In typical Universal fashion, in which construction projects start without any sort of advance warning, there has been something of a mystery afoot at CityWalk, Universal Orlando Resort’s dining/shopping/entertainment district, for almost the past year-and-a-half. On December 23, 2019, the first of a small string of shops ended up closing – Fresh Produce, a women’s apparel store that had its basis in Boulder, Colorado and that had a reach that extended out to Canada and the Caribbean (we’re using the past tense here because the entire company is, after 36 years of operation, officially “on vacation” right now, citing the economic fallout from the ongoing COVID-19 pandemic). This was followed by The Island Clothing Co. on January 15, 2020 (the same month that the 18-year-old company also folded, cutting its stores in Florida and the Caribbean), Fossil on February 23, and P!Q on February 25 (which is a notable development, as the Universal location was the only one P!Q had outside of New York).
What these stores had in common was that they were all situated close to one another in the CityWalk topography, lining up on the main drag towards the waterfront and then taking a right, stretching out along the way to Voodoo Doughnut and NBC Sports Grill & Brew (and, beyond them, following the path to its ultimate terminus, Universal Studios Florida). And this geography helps to resolve the mystery of their closure and all the subsequent building that has gone on in their place: Universal has today announced, via a series of concept art that is displayed on the area’s construction walls, that all of these formerly separate lots will be combined into one large retail space, which will be home to a brand-new Universal Studios Store.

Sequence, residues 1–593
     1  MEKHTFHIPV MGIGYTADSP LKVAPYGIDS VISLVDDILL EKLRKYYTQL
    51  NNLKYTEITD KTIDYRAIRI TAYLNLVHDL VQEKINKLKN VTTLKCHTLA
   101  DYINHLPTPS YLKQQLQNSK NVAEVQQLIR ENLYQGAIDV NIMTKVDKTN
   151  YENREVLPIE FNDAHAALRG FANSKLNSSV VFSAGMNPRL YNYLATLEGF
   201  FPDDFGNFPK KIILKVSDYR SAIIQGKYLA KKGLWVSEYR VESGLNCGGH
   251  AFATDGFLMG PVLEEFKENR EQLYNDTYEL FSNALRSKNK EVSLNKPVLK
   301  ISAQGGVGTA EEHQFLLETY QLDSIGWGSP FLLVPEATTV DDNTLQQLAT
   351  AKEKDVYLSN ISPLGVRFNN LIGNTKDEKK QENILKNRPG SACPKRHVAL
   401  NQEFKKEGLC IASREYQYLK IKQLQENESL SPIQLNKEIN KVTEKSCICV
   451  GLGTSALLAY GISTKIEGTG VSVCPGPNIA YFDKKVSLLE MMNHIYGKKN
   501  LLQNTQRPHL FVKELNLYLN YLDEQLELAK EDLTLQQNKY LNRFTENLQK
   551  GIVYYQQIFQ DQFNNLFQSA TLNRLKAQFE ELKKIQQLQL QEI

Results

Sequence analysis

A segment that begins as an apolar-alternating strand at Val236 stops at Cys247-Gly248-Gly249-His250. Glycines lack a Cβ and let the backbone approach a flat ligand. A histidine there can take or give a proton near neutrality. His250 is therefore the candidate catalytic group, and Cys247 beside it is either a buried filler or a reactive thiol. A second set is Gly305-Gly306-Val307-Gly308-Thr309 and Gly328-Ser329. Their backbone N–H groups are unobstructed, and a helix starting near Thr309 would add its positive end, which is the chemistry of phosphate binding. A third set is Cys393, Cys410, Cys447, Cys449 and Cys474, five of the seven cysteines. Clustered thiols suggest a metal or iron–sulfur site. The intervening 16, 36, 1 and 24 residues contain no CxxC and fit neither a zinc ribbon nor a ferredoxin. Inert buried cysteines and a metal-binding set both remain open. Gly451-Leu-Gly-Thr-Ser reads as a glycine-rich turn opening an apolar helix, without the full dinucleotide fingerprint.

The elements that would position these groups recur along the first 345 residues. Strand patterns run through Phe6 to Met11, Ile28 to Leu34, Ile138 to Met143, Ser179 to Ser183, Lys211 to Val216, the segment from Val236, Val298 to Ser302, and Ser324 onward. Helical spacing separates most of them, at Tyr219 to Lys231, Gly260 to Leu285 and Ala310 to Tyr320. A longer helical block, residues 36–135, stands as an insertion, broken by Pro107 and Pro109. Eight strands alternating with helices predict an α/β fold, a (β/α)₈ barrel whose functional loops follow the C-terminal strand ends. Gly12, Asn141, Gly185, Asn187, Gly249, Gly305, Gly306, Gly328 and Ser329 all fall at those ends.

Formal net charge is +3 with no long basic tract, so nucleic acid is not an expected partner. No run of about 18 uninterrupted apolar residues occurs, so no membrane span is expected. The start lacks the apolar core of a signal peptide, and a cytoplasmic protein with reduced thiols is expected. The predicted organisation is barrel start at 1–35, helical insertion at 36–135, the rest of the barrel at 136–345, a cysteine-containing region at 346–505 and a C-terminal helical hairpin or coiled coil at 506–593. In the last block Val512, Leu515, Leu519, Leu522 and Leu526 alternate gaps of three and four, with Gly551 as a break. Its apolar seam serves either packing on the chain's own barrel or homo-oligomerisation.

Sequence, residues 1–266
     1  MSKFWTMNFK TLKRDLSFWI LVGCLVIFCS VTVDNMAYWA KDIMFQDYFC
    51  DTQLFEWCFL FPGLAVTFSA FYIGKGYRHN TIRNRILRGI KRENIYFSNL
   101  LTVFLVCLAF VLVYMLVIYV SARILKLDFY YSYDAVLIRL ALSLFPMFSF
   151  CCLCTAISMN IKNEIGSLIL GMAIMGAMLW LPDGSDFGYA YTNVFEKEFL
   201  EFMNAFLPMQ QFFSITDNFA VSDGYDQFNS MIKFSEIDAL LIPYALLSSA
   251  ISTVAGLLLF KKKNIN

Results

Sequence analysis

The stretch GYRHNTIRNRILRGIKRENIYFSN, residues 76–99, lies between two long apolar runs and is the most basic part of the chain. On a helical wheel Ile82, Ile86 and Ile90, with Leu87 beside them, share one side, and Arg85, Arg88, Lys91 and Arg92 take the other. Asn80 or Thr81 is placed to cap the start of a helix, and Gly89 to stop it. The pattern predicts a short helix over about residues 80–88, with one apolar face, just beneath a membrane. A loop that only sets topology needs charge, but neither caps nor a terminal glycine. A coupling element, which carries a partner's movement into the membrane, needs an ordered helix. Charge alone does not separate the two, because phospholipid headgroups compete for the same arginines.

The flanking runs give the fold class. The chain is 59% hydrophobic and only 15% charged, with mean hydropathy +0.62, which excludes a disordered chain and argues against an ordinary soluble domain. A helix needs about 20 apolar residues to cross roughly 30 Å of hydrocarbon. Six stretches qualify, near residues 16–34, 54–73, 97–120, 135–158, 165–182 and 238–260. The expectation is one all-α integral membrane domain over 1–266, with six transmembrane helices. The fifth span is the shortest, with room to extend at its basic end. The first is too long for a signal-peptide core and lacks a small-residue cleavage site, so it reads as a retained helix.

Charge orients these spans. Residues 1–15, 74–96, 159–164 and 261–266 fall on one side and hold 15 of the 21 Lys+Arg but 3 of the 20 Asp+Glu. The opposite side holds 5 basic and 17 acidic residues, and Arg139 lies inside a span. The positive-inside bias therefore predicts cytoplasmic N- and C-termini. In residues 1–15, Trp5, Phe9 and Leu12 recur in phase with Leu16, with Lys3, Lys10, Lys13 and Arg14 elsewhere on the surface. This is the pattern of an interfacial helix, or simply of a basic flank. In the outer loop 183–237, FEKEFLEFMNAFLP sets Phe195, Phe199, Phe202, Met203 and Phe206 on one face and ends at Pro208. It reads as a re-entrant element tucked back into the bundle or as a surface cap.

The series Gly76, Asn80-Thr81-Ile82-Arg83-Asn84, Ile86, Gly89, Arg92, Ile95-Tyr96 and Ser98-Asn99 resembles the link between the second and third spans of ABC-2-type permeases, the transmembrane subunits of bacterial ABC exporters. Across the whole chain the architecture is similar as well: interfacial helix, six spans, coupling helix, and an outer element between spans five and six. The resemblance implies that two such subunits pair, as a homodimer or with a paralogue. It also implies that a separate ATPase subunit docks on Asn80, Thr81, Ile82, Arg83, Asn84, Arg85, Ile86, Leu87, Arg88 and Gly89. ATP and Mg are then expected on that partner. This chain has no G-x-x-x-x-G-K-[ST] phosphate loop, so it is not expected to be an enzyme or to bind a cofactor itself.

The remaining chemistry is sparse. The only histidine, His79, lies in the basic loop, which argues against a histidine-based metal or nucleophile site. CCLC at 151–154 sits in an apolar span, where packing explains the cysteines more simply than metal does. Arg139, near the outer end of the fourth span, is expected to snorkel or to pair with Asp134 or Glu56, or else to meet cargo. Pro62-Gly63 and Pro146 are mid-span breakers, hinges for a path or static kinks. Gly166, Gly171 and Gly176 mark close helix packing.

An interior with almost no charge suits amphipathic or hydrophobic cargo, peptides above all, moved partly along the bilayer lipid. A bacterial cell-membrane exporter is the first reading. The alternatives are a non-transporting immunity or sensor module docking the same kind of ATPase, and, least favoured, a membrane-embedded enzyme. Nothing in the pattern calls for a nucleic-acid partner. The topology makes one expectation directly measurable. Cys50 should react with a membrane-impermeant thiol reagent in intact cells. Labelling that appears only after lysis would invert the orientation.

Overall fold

It’s a revelation that raises a couple of good questions, which we’re now going to tackle, one by one.
What is the Universal Studios Store?
The Universal Studios Store is the flagship retail space in CityWalk, brandishing many a Universal-branded item that, in part, come from the two theme parks of Universal Studios Florida and Islands of Adventure; more specifically, you can get Universal Studios apparel and tchotchkes, along with a heaping helping of character-specific merchandise (“take home a bit of movie magic,” as Universal itself is fond of saying).